What is the statement appliance in today’s kitchen? For many homeowners, it is the professional-looking, gas-fired cooktop, or range. Designers and magazines have been putting forward the notion that the robust-looking gas burners elevate the kitchen to a professional, or “Chef’s Kitchen”. Who wouldn’t want that? Caution. Priority health, healthy living, and natural gas cooking may not go together.
During the research for my book “Kitchen Magic” several years ago, I interviewed a pregnant woman. She mentioned that her sense of smell was heightened during the pregnancy to the point of having the gas to their top-of-the-line commercial range turned off. She described,
“…that simply avoiding the use of the range was not enough to eliminate the gas smell. I called in a plumber to make sure there was no leakage. There was none, yet the gas smell persisted. Only when the gas was turned off entirely did it subside.”
Her statement stayed with me. Could there be negative side effects of cooking with natural gas in our kitchen? In a study on this specific topic, UCLA’s Department of Environmental Health Sciences Research reports
“The indoor air quality analysis found that concentrations of carbon monoxide (CO) and nitrogen dioxide (NO2) during cooking events (…with natural gas) can exceed the levels set by national and California-based ambient air quality standards, occurring much more often for NO2 than CO. Under a cooking scenario where the stove and oven are used simultaneously for an hour, acute exposures to NO2 from cooking with gas appliances exceed the levels of national and California-based ambient air quality thresholds in more than 90% of modeled emission scenarios.”
So there it is in black. It supports the sensory observation of this pregnant lady. As the old saying goes: Don’t go against a woman’s intuition. Her instinct with health as a priority to protect and nurture her unborn child appears to be spot on.
Shocking Stats From Cooking With Natural Gas
Consumers want their homes to be more energy-efficient or insulated tighter and it is also required to ever-increasing standards by Building Departments around the country, the lack of natural ventilation is making air quality issues an increasingly bigger issue.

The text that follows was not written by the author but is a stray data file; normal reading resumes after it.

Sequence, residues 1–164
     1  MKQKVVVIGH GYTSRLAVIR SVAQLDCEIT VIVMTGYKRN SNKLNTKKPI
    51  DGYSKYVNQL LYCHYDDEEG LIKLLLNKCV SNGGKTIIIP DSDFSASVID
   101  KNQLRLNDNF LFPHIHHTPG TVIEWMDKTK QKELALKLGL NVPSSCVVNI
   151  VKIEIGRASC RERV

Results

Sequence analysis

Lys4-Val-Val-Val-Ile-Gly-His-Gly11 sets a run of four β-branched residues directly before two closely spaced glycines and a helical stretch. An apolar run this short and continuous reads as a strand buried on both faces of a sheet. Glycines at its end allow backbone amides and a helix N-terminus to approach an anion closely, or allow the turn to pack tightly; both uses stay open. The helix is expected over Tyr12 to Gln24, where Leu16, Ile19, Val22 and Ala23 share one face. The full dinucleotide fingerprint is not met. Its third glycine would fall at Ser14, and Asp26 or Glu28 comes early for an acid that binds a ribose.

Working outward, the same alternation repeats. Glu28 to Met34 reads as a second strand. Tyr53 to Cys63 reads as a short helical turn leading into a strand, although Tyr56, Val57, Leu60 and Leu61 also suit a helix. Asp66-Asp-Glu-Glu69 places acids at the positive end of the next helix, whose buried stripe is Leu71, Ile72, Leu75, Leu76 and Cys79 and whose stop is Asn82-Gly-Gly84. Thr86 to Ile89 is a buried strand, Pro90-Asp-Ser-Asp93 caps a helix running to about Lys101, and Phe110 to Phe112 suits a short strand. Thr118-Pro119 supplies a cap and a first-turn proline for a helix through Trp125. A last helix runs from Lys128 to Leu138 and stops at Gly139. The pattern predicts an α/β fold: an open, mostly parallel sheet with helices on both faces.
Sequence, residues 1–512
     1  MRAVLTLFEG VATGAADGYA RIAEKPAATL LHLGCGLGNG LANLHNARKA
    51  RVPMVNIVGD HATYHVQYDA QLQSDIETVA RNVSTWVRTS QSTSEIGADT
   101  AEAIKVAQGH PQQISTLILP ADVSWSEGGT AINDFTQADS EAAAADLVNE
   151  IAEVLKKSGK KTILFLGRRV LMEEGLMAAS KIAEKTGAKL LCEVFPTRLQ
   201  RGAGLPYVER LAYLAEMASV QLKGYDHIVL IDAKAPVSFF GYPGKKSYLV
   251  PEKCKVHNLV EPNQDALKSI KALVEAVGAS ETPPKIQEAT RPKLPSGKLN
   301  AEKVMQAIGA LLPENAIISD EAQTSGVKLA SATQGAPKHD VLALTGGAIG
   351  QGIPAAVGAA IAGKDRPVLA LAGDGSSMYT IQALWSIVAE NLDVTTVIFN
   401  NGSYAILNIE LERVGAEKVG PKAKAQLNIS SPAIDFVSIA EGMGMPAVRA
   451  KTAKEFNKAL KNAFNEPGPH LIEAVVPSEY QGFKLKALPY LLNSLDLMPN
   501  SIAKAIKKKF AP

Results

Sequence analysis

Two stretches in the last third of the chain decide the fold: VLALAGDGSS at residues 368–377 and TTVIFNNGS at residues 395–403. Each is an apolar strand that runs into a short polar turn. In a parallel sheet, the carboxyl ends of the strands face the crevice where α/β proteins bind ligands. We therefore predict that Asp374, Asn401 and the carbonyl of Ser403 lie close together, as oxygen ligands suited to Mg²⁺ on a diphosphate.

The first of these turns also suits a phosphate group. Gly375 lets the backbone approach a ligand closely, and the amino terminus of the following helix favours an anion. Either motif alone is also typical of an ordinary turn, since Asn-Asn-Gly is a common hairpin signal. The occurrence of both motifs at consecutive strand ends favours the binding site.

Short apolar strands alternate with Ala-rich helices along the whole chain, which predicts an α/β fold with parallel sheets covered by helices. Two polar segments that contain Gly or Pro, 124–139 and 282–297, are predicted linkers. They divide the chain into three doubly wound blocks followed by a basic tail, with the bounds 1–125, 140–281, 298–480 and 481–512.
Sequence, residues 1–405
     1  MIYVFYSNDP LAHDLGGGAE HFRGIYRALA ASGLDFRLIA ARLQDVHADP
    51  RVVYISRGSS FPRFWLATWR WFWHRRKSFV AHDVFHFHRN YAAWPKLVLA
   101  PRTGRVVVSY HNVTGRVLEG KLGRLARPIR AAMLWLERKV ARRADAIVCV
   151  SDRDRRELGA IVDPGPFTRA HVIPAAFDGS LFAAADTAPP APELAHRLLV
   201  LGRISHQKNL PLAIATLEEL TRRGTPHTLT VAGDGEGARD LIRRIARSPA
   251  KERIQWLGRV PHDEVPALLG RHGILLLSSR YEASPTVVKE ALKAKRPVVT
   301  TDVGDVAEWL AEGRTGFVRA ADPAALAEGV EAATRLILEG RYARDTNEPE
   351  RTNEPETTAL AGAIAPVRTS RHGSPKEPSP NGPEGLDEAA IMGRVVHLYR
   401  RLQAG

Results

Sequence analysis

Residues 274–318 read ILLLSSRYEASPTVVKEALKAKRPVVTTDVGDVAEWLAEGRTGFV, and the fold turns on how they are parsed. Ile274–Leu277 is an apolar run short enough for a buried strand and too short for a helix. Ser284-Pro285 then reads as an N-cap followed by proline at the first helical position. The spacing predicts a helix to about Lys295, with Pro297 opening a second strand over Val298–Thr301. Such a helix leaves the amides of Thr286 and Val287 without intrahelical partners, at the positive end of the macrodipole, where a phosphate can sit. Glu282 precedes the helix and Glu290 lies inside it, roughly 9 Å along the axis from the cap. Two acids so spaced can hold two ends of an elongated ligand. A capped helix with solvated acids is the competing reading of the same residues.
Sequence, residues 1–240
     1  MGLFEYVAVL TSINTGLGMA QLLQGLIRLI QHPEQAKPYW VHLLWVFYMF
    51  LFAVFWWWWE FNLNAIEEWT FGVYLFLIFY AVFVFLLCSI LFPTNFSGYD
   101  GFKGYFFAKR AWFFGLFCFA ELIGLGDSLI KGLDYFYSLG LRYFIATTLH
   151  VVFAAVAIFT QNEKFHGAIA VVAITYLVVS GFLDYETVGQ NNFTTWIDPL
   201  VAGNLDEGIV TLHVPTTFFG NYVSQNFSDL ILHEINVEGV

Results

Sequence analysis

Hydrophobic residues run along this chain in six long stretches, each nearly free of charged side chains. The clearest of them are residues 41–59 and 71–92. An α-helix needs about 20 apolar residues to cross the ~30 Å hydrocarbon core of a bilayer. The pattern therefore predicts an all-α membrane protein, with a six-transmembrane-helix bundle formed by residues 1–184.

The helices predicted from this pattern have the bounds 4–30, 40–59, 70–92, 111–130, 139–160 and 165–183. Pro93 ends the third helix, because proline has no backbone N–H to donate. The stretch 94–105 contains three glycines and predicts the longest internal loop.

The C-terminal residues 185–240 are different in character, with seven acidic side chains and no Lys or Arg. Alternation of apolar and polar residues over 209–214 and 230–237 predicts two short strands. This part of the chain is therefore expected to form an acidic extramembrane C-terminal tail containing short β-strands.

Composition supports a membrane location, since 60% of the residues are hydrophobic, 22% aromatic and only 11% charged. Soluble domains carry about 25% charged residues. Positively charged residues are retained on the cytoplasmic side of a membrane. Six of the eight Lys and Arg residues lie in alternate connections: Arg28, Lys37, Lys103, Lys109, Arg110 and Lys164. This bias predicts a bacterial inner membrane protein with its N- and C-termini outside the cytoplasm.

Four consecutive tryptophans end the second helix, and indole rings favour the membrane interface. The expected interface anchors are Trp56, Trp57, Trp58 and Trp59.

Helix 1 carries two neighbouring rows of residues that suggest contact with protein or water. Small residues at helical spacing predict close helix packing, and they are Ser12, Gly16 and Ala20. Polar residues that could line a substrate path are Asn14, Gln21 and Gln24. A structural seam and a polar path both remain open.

EPA and other national organizations are aware of the gas emissions of gas inner homes. They developed tolerances levels and standards:
How does this apply to everyday cooking and baking in your kitchen with gas appliances? The Rocky Mountain Institute finds these alarming gas emissions. Even boiling water on a gas range exceeds the ppb quotas of all organizations – eye-opening stats!
Gas cooking lovers will likely respond that these are “ppb” is parts-per-billion, or this is a negotiable amount and people have been cooking with gas forever. But, again not in tightly built, ever more energy-efficient homes. The data suggests if you are placing priority on health, cooking with natural gas and an open natural gas flame may be problematic.
Tightly Built Homes – Natural Gas
Yes, insulated homes including Passive Houses, which is the extreme version of insulation, are a good thing for people and for the planet. But there are important details and trade-offs to understand. Insulating foundations, walls, and roofs by themselves are insufficient and not healthy. It does require air ventilation systems to constantly remove exhausted air and replace it with fresh, conditioned air. These so-called ERV and HRV air systems should be the focus of everyone attuned to priority health.
For more insights on how these topics intersect check out SHG Living’s RISE. To see the installation and a presentation on a Zehnder ERV air systems see
SHGLiving’s SabineNewHouse’s The Greenwich House. These air filtration systems have been around in Europe for a long time. They are well-understood though perhaps a bit unfamiliar to average US home builders.
Anyone contemplating building a new home or buying a new home is doing so out of positive motivation, with the goal of living a happy and healthy life. Cooking and living in a great new kitchen is another way of expressing a priority on health. So know the facts. Know what health features to insist on. If cooking with natural gas is still a priority, be sure to install an air filtration system to scrub the air.
Priority Health – Air Filtration Systems
Just when you think your new kitchen complete with this beautiful new gas-powered commercial range will inspire you to prepare sumptuous, healthy meals for your family and friends know of the associated serious air quality issues.
Healthy living and healthy cooking are directly connected. While there is a perception of natural gas as being the best way to cook, the reality is there are real and measurable side effects that should concern us all. Understanding installations from ALL perspectives is important. It should not be taken lightly.
Priority Health – Kitchen Design
While natural gas as a fossil fuel has serious environmental implications, the unhealthy side of burning natural gas in our kitchens and homes should be paid attention to. Let’s understand what we install in our homes. Let’s start priority health-focused conversations for everything we install in our homes. Don’t find out when it’s too late that boiling water on our natural gas-powered stove might have contributed to your compromised health!
Know that there are great options such as induction cooktops, which have been in use in Europe for decades. Don’t just blindly believe the story on natural gas. Understand the very real side effects. It’s all about choices. Make the right selections for you and your family.